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From the Blog: Finding Your Way Through Self-Doubt

Another day, another challenge. For a lot of writers (and you know you are one) that means writer’s block and self-doubt. But, not all is lost.

When you are going through writer’s block, you are lost in a maze or thoughts, words, and ideas. Ideas that you think aren’t good enough. Words that just won’t work in the scenario. Thoughts that come from anything and anywhere. Use them. Here’s some tips:

1. Lists

Create another document or use another piece of paper and write down all the different ideas that you have when you get stuck in writer’s block. Yes, all of them. Or at least most of them.

2. Take Breaks

Take a break and explore. This could mean going outside and exploring nature or it could mean taking a break from the world and exploring yourself.

3. Draw from Life

Use real life events to shape your story. Let’s say that your book is about a parallel universe where every day your character becomes someone else and is in someone else’s life. Have there be a time where you include something embarrassing or funny that you or someone else did in real life, such as tapping someone you mistook as a friend and having no idea who the person is when they face you.

4. Get Real

Just be yourself. Take a break from the fake and delve into yourself. If you feel insecure about something, or mad, angry, sad, disappointed, depressed, anxious — really anything you feel like you can’t talk to anyone about — write it down. Make a character go through what you are. Have your emotions be dumped onto a character or group of characters. It’ll help you feel better and only a few people will suspect that you are going through or went through the same problems.

5. Don't Lose Hope

Last one, never give up. I know you probably hear that a lot, but it’s true. You are unique and you shine in your own way.

J.K. Rowling, Stephen King, Dr. Suess, Louisa May Alcott, Suzanne Collins, and so many other authors were rejected several times before being published. Suzanne Collins' book The Hunger Games was rejected sixty times before being published. Harry Potter was rejected twelve times and Dr. Suess was rejected twenty-seven times before publication. And yet, after all the rejections they got, they still ended up having bestselling books and their names are well known. Yours could be too.

No matter what happens and what you are told, you are a writer. No matter if you’re rich or poor, girl or boy, you are a writer. And you can use your weaknesses and strengths as an advantage in your stories. Write about them in amusing or serious ways. You don’t have to listen to what anyone says. Just listen to your character. You might not even want to listen to yourself, because everyone is full of doubt. Especially self-doubt. But, if your character speaks to you, listen. They probably have some pretty good ideas.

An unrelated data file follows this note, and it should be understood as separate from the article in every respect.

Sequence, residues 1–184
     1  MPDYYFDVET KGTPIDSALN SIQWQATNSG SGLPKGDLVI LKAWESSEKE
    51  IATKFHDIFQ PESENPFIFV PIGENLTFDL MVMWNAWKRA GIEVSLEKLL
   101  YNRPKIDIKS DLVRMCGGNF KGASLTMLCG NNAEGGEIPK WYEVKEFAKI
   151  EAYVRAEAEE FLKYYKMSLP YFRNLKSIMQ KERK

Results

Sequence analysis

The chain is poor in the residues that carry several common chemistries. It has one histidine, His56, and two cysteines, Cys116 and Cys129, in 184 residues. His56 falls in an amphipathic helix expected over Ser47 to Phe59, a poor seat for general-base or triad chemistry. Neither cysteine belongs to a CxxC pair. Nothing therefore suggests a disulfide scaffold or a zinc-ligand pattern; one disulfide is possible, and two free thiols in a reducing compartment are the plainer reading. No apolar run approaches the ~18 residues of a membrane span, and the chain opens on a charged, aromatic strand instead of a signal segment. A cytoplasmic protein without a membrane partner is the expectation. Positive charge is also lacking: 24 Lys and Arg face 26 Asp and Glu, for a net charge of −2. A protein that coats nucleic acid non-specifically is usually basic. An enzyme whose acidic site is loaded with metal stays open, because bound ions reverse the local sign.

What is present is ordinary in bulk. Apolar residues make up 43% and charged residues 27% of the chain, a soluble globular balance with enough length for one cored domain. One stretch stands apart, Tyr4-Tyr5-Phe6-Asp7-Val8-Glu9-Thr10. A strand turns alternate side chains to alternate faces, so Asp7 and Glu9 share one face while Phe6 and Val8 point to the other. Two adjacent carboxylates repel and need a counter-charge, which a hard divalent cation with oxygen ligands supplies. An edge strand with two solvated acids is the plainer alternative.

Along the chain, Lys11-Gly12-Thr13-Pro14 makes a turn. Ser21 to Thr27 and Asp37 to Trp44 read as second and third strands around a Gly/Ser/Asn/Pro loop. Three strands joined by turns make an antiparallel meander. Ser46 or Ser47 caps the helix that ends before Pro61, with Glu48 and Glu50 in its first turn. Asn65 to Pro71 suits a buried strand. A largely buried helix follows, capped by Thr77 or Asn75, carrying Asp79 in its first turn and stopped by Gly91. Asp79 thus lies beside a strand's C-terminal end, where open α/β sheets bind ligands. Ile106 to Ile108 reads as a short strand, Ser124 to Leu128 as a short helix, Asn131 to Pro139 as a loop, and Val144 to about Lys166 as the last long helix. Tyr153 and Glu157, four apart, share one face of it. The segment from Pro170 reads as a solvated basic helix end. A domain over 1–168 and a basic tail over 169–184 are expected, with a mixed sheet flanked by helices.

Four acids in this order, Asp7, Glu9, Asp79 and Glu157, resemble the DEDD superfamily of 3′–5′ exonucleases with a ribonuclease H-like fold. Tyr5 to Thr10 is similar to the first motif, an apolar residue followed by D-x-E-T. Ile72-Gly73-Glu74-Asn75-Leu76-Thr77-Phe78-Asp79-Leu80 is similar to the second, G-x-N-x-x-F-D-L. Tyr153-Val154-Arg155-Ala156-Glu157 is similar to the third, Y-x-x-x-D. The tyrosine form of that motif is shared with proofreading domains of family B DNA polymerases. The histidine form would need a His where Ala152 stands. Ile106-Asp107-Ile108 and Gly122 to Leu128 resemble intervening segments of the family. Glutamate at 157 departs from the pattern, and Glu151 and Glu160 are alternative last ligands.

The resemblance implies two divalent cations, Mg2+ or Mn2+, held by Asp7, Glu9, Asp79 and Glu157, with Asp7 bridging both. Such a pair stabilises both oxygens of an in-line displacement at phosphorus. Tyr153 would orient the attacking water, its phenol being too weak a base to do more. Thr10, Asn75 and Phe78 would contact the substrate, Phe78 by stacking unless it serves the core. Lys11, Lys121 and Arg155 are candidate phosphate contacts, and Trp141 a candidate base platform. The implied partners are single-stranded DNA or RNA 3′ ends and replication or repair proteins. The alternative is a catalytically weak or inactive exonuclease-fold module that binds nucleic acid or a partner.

If you feel yourself thinking of your writing as a chore, challenge yourself. Give yourself a challenge such as getting to a certain scene that you have planned by the end of the week. You already know the scene, so now it’s time to get your characters to the scene. Maybe get them through a magical jungle or through a cave. Or maybe it’s more realistic and your characters have to navigate through a busy school. Either way, just try to achieve your goal.

If you want your goal to be active, try a step-by-step goal. Literally. Not a goal where it is planned out, step-by-step, but a literal step-by-step goal. For example, every five steps you take, write a word. Or maybe after a workout or bike ride. So long as you think it is achievable.

Lastly, block out the negative voices. If you get criticism, remember that many famous authors did too. Or maybe challenge the criticizer to write a novel in a month. See how many complaints you get after that! Don’t stress about what people will and will not like because everyone has different tastes. Your book might be disliked by some, but I guarantee that there will be many people who love it.

Julianna Trudden is a twelve year old from Ohio and enjoys reading, writing, baking, and listening to music. She loves to read young adult fiction, fantasy, historical fiction, and basically anything dystopian or paranormal. So far she has completed one novel and is working on two more. A lot of novels, short stories, and poems have been started by her and left unfinished for days, months, or years. Julianna has done NaNoWriMo for two years and really enjoyed writing this blog!

Top photo by Jukan Tateisi on Unsplash.

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